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Subjective Assessment: Windows Into the Mind of Potential Consumers

Cosmetic products are all about perception. How you view and feel about yourself when using a product is an integral part of using cosmetics, and this should be reflected in the design of any cosmetic study.

The in vivo efficacy of cosmetic products should primarily be derived from validated objective assessments (such as instrumental measurements and digital photos), providing strong scientific evidence. However, the opinion of the study participants who have used the cosmetic products, is also extremely valuable and which will be discussed in this article.

On their own, subjective assessments are usually not enough to make efficacy claims. However, subjective data complements objective data, by adding external validity that may not otherwise be apparent. From a commercial point of view, data on user perception could provide guidance as to how one can generate more relatable marketing material.

What is subjective assessment?

Subjective assessment is mostly conducted in the form of questionnaires or generic product reviews. Subjective assessment is often used to substantiate claims such as “X% of participants reported an improvement in their skin hydration” or “X out of Y thought that the product was easy to use”. The results obtained by subjective assessment can be used internally during the product’s development phase – if users will like certain aspects of the product, this can be a good selling point. If users dislike certain aspects of a product, changes can be made to rectify the issue before the formulation is finalised.

Cosmetic companies seeking user’s feedback will generally concentrate questions on 3 main areas:

Sensory aspects

Subjective assessment can be used to gather data on the likeability of the product from a sensory point of view. This is a unique aspect of product testing that cannot be measured in an objective fashion. Nevertheless, an individual’s sensory experience can make all the difference when it comes to a product’s commercial success.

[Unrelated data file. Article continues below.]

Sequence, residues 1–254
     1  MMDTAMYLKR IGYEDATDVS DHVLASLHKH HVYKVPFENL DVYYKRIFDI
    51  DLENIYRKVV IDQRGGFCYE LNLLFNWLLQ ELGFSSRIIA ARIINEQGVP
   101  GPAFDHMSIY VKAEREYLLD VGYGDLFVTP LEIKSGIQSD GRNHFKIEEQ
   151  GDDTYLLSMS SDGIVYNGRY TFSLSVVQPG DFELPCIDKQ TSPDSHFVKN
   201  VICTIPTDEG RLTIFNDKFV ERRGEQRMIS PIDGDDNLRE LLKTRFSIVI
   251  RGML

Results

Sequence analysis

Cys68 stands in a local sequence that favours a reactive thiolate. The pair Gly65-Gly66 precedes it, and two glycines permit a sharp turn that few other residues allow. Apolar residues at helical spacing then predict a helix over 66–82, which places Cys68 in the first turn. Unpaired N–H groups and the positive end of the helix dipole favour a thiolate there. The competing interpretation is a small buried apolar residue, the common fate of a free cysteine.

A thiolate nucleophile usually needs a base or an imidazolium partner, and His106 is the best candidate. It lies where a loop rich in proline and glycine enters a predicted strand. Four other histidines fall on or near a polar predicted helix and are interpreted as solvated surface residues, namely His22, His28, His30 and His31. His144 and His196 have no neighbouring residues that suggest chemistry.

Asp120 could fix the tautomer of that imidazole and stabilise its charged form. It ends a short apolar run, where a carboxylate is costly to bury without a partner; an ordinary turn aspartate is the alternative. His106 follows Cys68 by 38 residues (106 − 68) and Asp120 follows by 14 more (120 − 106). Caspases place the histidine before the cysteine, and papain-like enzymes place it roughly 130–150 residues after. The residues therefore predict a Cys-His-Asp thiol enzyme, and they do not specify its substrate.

Do participants like the product’s colour, smell, absorption, and/or consistency? Which aspects you measure depends on the type of product you are using, but an efficacious product will not do any good if it is unpleasant to use. The scope can be further extended to include the subjects’ opinion on packaging, graphic design and brand name, gathering data similar to a focus testing group.

Product Efficacy

Word of mouth has a huge impact on cosmetic sales and positive online reviews of products efficacy from both customers and influencers is paramount for the success of a cosmetic brand. A user’s perception of a product’s efficacy is just as important as objective measures, as the average person will not have access to clinical grading scales or precise measurement instruments at home.

Product’s efficacy questions relate to the perceived benefits of the product following its use. For example, one can ask if the subjects have noticed any improvement in the areas that the product is designed to target. Subjects can also rate improvement using intuitive scales (e.g. none, slight, moderate, etc).

Product Safety

Many products these days claim to be ‘dermatologically tested’, ‘suitable for sensitive skin’ and ‘non comedogenic’. However, only products that can be used consistently by most people without causing adverse events (which are undesirable or harmful effects), are more likely to be successful in the long run. It is up to the subject, when prompted by the investigator, to report if they have experienced any negative effects (perhaps itching or redness). An overall subjective rating of a product’s safety/tolerability may also appropriate.

Assessing the data

More often than not, statistical testing is not performed on subjective data. Data is instead aggregated and descriptive summaries of the data is provided. For example, metrics can be expressed in terms of thresholds (X participants said they experienced a moderate improvement or greater) or averages (most subjects expressed high confidence in a product).

Subjective data can be easier to interpret and get a feel for, but can be less clear-cut due to the wide variability of subjects and their opinions. Objective data is precise and measured, but in a real-world setting, does a significant 5% difference really mean anything? These two types of data strength each other and approach the assessment of a product from two different angles. When objective assessments require grounding, one can look toward the subjective data for guidance. Similarly, if the subjective assessments may not be that clear, one could determine a reason why this may be from objective measures.

Perception Counts

Since the function of cosmetic products is to help improve personal appearance, the point of view of the end user and the way the user ‘feels’ about the product is of the most value for cosmetic companies and can greatly influence other users as well. For this reason, users’ self-assessment is highly regarded from a marketing perspective. It is also an extremely effective and cost-efficient option in cosmetic trials, either in addition to more scrupulous objective assessments or on its own. Subjective and objective assessments come together to provide a two-fold method of verifying the safety and efficacy of a product, strengthening the design and conclusions of cosmetic testing.